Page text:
Mehdi Tayoubi says that "the ScanPyramids mission strives, first and foremost, to honour human creativity and innovation. Our digitally hypnotized society, which hums to the rhythm of ephemeral tweets of 140 characters, no longer believes that humans could have erected these ancient mountains of stone."
Mehdi is Vice President of Dassault Systèmes, French 3D software developing company, co-founder of the non-profit HIP (Heritage Innovation Preservation) Institute which is coordinating ScanPyramids with Cairo University's Faculty of Engineering and co-director of the ScanPyramids project. He wants to restore our confidence in human ability by discovering how the great Old Kingdom pyramids were built.
The Great Pyramid's Notch N2 has long fascinated Egyptologists. On the northeast corner of the pyramid, around two-thirds the way up, is a large open notch. It could very well be simply the result of natural and human destructive forces—earthquakes first shaking loose the pyramid's fine limestone casing blocks, before being carted off to build Cairo's gleaming palaces and mosques.
Alternatively, the notch fits with the latest serious model for how the pyramids were built: the internal ramp theory. The idea goes that, rather than building an enormous ramp stretching far out into the desert, or one that corkscrews perilously around the outside, the ramp instead is internal—a tunnel running parallel with each face.
The tricky part of an internal ramp is being able to turn the blocks at the corners. Notch N2 fits with the theory that the corners of the ramp were left open to the sky. The rising internal tunnel would emerge at each corner to allow the blocks to be turned90° before being pushed back inside the pyramid into the next tunnel for the next flight along the internal ramp.
This concept fits with a small room behind the Notch N2 that Egyptologist, Bob Brier, explored in 2008. The ceiling of the room included arches with keystones, which suggested that this cavity wasn't simply a space left behind after stone thievery. It indicated that this room was purposely built.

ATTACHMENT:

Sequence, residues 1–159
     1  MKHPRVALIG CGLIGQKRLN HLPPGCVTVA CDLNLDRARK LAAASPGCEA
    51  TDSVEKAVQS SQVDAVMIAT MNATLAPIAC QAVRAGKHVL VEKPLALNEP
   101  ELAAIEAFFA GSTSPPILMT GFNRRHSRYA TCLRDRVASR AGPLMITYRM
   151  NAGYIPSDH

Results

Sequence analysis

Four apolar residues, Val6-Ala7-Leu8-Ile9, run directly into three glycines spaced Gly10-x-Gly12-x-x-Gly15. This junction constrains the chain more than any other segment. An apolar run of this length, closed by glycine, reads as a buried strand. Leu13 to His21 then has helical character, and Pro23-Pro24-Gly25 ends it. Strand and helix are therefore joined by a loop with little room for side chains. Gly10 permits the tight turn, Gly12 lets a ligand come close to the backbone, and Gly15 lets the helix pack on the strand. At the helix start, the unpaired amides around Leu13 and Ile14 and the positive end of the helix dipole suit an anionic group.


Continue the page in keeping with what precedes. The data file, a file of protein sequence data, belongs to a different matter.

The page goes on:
In October last year the ScanPyramids team caused headlines when they announced their discovery of two unknown voids within the Great Pyramid. The team had used muons (cosmic subatomic particles) to detect the voids. They measured the contrast between muons crossing open spaces (like cavities or rooms) and where they are absorbed or deflected from hitting denser material.
One void was detected behind the pyramid's original entrance, where giant gabled blocks overhead seem strangely out of proportion to the tiny opening.
The other void was detected some 20 metres above Notch N2, at a smaller notch (N1). The data suggests the presence of a cavity of around the same size as the known room behind Notch N2. Another point, it seems, in favour of the internal ramp theory.
However, the Egyptologists appointed by the Antiquities Ministry were a little more cautious. They suggested that the voids could simply be the result of normal gaps in the masonry. The ScanPyramids Project was extended for a year to conduct more research.
More results will be due in the latter half of this year. Whatever they reveal—internal ramp or not—they'll be sure to tell us something about Egypt's Great Pyramid, and, as Mehdi Tayoubi hopes, "explain how the impossible once became possible."
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